It’s a quick read and an interesting read, this book that Merrill Ashley put out a year after Balanchine’s death. It feels like Ashley…and that’s not her original name, we find out, a classmate stole her actual name…it feels like she is just sitting with you over a cup of tea, chatting about some of the interesting milestones and epiphanies in her dancing life. What ties them all together is her quest to understand the subtleties of technique.
Some of the interesting points I’ll take away from this book are: (1) things look really different from the audience’s perspective than they do from backstage or in the studio; and (2) so much learning and adjusting happens even after a dancer feels that s/he is ready, that s/he has arrived.
There’s this fascinating passage where Ashley’s boyfriend admits that she always looks like she is in pain when she’s onstage. (He finally confesses this to her after a successful debut, when they are out dancing for fun at a club and he gets bowled away by the myriad expressions of exhilaration that cross her face.) It turns out she had no idea. I’ve seen this look on other dancers, and what’s so horrific is that it can totally ruin the effect of their dancing for some of us. All that hard work and pain… The effort that allows them to do the step gets in the way of us enjoying the step. What a crazy art. And how amazing when a dancer realizes it, changes it, and becomes transcendent!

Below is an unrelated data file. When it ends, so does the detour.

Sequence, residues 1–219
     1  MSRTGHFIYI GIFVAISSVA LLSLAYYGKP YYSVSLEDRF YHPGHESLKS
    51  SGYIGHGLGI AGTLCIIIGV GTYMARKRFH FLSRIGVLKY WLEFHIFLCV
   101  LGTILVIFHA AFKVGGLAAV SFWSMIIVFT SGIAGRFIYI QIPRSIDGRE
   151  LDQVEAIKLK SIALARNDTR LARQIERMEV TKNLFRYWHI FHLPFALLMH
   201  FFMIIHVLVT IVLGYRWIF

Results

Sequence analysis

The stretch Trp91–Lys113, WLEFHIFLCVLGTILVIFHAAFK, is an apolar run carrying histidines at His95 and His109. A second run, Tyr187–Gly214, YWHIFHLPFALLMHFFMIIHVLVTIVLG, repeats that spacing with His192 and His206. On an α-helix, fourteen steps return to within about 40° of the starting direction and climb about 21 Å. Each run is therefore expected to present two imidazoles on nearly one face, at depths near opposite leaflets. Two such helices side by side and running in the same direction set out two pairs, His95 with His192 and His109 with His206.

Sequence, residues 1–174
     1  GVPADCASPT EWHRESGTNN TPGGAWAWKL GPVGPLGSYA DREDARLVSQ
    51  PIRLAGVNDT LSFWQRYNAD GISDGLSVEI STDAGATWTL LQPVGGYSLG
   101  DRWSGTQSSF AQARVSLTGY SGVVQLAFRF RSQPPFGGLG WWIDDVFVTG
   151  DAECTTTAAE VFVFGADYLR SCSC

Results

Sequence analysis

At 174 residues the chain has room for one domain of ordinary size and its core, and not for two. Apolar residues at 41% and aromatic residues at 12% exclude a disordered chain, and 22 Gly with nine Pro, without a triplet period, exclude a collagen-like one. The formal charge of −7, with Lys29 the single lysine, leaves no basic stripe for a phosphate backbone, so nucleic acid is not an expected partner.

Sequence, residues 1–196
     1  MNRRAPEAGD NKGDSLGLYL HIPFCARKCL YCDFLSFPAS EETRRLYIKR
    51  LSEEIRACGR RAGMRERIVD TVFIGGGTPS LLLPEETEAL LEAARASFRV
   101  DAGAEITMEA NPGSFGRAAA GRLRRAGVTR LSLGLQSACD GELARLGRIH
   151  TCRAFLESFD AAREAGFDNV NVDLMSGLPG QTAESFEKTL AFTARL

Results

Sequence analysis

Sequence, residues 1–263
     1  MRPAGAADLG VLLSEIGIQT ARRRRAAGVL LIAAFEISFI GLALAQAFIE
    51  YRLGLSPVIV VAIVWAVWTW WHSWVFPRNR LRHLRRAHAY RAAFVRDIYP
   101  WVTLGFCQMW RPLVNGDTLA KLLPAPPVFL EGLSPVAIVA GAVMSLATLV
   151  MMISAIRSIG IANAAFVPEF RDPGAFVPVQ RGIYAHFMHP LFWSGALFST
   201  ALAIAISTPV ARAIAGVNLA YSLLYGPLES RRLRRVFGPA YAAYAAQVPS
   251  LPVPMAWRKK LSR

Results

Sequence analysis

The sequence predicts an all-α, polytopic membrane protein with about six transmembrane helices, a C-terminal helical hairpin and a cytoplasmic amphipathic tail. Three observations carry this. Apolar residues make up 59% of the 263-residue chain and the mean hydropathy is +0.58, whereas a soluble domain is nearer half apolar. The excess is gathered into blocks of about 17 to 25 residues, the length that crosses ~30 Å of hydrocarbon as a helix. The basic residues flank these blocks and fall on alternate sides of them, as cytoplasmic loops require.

You’ll probably only find a used copy of this book, but even a used copy would be a good gift for the ballet-lover in your life, whether it’s a young dancer or an audience member who wants to get a better sense of what a dancer’s life is like. I thoroughly enjoyed zipping through it…except for the last few pages, which read like a stilted cover letter in a job application. I’ll go back to this thoughtful, well-written look at Merrill Ashley’s experience as a dancer with Balanchine, but it’ll probably be for the pictures, which are not all gorgeous but which are certainly interesting. There are several series of photos—enough, but not too many—where she breaks down the steps. Take a look at her tendu from the side…
photos by, I think, Jack Vartoogian
Seattle Public Library carries the book. Here’s the call #: 792.82092 As35D